When you add a property to the schema from the "Add property" menu, it will add the property with some default values. For the headline and strapline properties you'll need to change the property name, title, description and the maximum length.

Click the preview icon to see how these properties will look in the content editing form.

Using the content form preview

Adding an image
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To add the banner's background image property, choose "Image" from the "Add property" menu. An image chooser property will be added to the schema window.

Adding an image property

Edit the default values, changing the property name to "background".

The background property is an image chooser

When you preview the content form now, the background image property is shown. This is only a preview, so you can't choose an image from the media library.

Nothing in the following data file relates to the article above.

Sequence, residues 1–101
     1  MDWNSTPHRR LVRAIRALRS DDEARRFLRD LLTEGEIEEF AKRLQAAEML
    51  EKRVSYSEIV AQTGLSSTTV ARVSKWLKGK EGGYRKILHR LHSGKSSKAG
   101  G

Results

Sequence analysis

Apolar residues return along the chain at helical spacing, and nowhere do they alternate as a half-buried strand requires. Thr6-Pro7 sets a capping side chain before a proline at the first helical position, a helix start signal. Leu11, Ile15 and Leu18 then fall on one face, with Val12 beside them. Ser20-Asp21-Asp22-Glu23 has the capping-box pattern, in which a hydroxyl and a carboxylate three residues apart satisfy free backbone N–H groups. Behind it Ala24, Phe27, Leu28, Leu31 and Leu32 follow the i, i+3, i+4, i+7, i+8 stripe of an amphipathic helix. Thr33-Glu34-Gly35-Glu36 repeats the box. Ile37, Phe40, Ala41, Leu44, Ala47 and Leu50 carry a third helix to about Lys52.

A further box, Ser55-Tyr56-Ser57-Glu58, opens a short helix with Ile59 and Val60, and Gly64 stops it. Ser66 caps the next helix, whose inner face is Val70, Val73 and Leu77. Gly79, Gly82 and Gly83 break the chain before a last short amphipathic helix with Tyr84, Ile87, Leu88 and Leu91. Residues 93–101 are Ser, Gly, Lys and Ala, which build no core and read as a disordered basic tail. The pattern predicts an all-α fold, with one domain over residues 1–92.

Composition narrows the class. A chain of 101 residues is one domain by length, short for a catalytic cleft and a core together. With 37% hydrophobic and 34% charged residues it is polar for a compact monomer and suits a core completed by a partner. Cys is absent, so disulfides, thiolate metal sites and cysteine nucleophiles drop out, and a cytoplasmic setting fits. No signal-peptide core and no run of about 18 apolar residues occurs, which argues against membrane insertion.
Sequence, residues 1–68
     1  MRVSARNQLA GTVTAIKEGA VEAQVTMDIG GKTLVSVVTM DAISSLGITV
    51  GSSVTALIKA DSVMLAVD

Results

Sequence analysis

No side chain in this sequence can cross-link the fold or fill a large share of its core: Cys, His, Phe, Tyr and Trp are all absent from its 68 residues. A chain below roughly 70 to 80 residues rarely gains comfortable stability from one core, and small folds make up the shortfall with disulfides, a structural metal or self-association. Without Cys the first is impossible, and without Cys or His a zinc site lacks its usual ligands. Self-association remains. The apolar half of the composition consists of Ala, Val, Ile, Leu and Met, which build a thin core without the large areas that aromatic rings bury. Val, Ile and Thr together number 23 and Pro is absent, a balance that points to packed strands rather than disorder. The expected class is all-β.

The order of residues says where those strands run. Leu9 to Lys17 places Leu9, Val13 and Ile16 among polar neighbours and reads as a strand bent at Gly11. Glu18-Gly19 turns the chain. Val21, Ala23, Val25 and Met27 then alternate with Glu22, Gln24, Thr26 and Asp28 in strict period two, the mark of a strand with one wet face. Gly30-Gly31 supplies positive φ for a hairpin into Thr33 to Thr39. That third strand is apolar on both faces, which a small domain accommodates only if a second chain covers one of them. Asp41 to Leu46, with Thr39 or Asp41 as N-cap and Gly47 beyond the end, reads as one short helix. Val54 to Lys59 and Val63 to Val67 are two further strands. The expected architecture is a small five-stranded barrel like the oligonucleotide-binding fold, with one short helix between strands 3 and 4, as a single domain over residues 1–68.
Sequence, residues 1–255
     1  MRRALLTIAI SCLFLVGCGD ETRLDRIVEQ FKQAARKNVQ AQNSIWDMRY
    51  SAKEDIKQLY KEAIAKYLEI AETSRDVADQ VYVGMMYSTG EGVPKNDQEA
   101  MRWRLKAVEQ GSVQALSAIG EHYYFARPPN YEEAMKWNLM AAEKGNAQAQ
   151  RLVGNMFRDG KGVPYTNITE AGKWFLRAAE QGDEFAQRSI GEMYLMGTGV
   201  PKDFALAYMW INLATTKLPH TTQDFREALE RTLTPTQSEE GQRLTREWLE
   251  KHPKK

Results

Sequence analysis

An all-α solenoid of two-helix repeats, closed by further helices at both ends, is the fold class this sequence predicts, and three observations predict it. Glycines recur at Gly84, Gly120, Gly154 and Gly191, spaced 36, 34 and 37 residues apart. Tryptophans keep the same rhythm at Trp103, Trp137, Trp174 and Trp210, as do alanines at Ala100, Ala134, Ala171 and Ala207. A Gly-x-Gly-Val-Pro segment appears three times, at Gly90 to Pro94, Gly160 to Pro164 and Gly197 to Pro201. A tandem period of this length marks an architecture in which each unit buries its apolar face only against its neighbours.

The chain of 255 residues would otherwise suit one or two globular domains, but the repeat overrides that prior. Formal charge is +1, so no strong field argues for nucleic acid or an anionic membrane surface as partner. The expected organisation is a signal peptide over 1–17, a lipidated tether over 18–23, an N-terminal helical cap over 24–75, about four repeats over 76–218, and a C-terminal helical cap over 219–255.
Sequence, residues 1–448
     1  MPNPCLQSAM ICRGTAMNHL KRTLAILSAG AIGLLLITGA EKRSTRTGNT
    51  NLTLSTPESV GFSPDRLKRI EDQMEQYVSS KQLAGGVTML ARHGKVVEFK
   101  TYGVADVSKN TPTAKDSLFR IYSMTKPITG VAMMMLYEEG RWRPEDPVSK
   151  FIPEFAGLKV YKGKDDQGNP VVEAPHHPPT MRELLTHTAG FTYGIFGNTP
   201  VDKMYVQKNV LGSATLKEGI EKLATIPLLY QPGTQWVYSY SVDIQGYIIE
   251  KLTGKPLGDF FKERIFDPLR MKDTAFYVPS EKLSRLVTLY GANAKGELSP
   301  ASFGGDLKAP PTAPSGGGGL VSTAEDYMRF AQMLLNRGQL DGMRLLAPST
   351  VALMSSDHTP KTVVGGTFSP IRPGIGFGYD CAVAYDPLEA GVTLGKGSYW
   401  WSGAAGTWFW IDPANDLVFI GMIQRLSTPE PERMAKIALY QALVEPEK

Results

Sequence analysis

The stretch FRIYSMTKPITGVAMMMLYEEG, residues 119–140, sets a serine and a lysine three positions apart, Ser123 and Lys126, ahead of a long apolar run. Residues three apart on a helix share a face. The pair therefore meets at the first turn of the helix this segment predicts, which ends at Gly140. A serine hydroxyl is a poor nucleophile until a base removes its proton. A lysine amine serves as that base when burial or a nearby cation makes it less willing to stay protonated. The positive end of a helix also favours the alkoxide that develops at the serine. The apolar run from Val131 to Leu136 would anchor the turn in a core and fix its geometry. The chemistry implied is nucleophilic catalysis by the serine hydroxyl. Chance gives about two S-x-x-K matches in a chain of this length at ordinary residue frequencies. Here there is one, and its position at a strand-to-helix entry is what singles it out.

The background image property is shown in the content form preview

Adding text with a URI format
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As with the headline and strapline properties, the call to action property can be added to the schema as a text string. For the call to action URL, we want to ensure that a valid URL is entered and so this needs to be a string with the format of "uri".

To add the call to action URL, choose "Text" from the "Add property" menu and edit the property name, text and description. To specify that the property should be validated as a URI, add a line after "type:string" and type "format":. A menu will be displayed with the available formatting options for the string. Choose "uri" from the list.